Vibrations from ultrasound used to heal broken bones

The pulsing seems to stimulate bone regeneration. After 4 months, the painless procedure healed the leg of a man who had broken his ankle into 8 pieces.
Written by Janet Fang, Contributor

Doctors in Scotland have taken ultrasound technology – which we commonly associate with imaging baby bumps – and used it to treat fractured bones.

For patients with really bad breaks, the tech has sped up recovery time by about 40%. BBC reports.

As a diagnostic tool, ultrasound uses high-frequency sound waves to produce precise images of things inside our body. It’s like sonar. And it was developed in Glasgow during the 1950s.

Turns out, the pulsing also vibrates cells a little, which then stimulates healing and regeneration in the bone.

By emitting sound at a certain frequency and pulse, ultrasound tech can encourage cells to remove bacteria, stimulate the production of new bone cells, and help those cells to mature more rapidly.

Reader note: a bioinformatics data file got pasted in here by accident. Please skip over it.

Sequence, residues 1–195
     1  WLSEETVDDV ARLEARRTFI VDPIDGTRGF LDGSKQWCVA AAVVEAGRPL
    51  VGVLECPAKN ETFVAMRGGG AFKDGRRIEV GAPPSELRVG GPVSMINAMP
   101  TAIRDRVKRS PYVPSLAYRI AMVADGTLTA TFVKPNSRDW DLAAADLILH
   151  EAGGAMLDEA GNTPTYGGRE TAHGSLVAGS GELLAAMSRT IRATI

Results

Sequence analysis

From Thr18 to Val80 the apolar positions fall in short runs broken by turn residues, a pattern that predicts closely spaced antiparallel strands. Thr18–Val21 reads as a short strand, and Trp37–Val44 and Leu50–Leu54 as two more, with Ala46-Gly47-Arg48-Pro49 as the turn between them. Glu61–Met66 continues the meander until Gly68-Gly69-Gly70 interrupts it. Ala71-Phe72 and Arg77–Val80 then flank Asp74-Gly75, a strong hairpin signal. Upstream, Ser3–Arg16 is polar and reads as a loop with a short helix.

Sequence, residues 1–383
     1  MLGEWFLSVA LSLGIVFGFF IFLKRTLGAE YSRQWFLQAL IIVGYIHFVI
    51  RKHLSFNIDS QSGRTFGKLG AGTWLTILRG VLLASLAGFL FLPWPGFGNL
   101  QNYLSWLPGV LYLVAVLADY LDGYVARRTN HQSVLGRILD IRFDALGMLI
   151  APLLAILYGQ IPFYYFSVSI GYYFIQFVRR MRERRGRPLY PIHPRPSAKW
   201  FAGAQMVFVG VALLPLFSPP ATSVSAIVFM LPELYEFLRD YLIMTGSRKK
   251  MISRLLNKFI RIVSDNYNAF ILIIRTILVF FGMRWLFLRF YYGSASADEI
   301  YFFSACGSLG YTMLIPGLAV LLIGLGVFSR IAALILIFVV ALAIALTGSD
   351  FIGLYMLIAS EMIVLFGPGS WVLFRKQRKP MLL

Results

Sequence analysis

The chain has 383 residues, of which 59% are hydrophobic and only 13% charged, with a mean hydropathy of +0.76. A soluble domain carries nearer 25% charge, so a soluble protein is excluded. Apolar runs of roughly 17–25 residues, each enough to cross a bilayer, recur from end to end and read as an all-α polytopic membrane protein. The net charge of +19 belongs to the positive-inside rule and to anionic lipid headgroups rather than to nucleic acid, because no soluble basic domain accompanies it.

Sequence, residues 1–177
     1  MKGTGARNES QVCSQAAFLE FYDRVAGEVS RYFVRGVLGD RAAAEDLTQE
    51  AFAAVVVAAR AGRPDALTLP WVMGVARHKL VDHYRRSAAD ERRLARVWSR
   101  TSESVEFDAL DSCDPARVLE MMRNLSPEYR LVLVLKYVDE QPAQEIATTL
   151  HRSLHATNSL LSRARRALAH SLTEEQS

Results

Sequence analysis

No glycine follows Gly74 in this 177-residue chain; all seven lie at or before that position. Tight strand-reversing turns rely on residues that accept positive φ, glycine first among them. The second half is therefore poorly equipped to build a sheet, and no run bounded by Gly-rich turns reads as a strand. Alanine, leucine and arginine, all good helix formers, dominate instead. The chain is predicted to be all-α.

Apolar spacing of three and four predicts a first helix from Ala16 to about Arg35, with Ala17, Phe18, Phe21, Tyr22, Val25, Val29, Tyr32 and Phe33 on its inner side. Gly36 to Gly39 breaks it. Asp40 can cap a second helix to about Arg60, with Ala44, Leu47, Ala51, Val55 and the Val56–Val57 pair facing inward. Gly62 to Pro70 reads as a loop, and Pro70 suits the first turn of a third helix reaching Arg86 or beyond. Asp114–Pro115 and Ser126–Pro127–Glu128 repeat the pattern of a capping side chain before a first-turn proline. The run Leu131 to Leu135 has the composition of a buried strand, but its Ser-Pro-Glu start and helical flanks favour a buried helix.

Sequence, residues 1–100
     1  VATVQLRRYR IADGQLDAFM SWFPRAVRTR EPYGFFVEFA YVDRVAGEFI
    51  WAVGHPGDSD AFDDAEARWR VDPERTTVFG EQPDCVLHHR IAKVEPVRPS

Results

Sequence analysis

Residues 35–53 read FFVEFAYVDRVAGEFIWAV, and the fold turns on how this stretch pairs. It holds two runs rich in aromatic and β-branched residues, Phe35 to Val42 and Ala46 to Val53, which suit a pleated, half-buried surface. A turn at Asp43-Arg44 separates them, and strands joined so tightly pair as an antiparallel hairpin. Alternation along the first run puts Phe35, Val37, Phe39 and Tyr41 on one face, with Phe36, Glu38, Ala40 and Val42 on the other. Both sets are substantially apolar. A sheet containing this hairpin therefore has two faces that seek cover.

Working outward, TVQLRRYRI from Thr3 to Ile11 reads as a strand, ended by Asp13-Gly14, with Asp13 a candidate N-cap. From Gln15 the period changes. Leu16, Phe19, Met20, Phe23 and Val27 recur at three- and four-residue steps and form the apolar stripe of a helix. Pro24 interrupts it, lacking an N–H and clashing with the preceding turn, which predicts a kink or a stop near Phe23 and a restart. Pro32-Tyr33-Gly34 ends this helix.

It could become a “simple, painless treatment” for fractures that don’t heal well, according to orthopedic surgeon Angus MacLean at Glasgow's Royal Infirmary's fracture clinic.

For ultrasound patient Gary Denham, who fell 20 feet from a water tank and broke his ankle into 8 pieces (pictured), the treatment healed his leg after 4 months.

"It's got a wee strap and that goes round where the break was," Denham says. "I put some gel on the probe and then I just put the probe inside the strap and then just basically leave it for 20 minutes."

Watch a video here.

For now, the technique is still prohibitively expensive – around $1,500 per patient, making it only cost effective for people with really complex breaks.

Via BBC.

Image: BBC

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